Forty years ago, when the 1721 Stradivarius known as the Lady Blunt came up for auction, it sold for over $200,000—an astonishing amount at the time. By 2008, when the fiddle changed hands again, the price was rather higher: $10m. Now the violin’s owner, Tokyo’s Nippon Music Foundation, has announced it will auction the Stradivarius on June 20 for the benefit of Japan’s earthquake and tsunami victims.
Some 600 Stradivari exist today. What makes this one special is that so few people have played it. In fact, it appears new. Which could be good or bad—concert violinist Pinchas Zuckerman considers it a museum piece, in need of an overhaul. “You’d crack it if you put too much pressure on it.” On the other hand, says violin dealer Peter Biddulph, it’s “the world’s best-preserved Stradivari violin.” The instrument takes its name from Lady Ann Blunt, an early owner who was a granddaughter of Lord Byron. Tarisio, an online auction house, will handle the bidding.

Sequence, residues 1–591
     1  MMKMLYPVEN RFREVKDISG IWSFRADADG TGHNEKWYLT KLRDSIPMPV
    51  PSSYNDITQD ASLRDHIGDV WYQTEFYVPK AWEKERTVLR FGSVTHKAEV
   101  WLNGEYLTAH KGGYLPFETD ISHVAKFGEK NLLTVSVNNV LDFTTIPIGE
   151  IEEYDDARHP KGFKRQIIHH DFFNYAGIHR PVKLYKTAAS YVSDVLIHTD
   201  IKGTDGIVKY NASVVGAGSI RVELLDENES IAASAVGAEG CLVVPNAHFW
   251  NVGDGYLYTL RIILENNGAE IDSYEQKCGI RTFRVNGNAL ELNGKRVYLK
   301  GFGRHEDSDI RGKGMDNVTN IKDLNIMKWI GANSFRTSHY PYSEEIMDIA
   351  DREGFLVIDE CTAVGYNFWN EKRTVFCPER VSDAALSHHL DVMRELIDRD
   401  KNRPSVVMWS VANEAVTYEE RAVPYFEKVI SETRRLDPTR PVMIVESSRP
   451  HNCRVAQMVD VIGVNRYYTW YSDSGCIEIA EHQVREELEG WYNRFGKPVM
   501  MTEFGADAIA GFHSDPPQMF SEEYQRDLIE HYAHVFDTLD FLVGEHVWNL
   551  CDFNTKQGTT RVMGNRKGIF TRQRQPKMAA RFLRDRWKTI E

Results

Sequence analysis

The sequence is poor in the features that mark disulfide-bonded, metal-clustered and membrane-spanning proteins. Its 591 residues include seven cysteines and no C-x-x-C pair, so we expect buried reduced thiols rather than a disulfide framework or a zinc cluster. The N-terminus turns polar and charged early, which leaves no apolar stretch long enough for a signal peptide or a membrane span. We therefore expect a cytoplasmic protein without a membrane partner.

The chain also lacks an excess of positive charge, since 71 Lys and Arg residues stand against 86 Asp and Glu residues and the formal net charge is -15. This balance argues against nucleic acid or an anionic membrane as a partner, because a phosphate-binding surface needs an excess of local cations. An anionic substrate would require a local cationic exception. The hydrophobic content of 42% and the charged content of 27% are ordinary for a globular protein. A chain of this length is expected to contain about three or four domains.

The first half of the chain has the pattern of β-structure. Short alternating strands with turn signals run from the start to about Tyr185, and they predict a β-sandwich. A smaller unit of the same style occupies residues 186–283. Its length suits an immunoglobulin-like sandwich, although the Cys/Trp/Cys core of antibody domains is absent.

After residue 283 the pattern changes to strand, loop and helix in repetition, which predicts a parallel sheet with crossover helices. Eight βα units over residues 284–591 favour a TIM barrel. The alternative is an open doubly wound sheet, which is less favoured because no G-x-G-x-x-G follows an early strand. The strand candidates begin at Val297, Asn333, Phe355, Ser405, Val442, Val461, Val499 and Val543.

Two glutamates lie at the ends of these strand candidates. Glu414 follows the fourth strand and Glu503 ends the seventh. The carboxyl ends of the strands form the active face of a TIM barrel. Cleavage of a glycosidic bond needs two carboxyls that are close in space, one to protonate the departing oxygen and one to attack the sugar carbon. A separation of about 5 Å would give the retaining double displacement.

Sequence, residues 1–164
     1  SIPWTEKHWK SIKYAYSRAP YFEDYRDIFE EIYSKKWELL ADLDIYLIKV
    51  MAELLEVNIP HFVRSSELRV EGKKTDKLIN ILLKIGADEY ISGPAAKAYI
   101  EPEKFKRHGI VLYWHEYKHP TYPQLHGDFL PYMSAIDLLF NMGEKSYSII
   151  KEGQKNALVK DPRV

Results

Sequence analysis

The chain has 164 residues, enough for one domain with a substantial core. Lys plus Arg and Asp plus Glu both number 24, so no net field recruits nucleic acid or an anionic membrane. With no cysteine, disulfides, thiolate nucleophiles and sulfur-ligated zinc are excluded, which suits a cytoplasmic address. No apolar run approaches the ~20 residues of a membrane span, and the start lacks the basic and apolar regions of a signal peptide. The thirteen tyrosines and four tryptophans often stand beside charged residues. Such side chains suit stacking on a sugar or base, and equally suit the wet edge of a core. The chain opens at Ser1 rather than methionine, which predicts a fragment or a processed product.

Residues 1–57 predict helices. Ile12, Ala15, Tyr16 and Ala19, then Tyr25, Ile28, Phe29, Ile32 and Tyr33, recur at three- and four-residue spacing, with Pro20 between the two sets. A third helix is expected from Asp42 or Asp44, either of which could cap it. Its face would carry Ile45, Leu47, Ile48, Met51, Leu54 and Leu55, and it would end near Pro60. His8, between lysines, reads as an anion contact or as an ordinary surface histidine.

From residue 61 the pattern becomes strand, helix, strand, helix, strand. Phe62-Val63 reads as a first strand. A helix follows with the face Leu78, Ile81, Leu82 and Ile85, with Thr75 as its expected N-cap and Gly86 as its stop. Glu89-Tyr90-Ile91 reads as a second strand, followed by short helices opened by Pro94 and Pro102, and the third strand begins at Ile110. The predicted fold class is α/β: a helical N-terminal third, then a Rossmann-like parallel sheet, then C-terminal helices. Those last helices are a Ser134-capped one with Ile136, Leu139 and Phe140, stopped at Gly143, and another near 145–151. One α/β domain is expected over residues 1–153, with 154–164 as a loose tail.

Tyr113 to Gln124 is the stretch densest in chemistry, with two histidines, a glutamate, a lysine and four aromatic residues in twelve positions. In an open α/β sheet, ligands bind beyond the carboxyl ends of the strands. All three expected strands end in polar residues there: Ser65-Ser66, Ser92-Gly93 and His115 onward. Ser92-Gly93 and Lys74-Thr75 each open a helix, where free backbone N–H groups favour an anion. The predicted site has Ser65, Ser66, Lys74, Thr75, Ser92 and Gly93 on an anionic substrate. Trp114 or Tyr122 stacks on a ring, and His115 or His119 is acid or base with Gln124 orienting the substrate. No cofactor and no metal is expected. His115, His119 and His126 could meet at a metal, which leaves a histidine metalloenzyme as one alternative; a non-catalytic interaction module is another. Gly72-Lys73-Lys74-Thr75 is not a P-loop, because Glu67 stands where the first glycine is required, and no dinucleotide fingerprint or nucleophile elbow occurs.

Read more at The Wall Street Journal.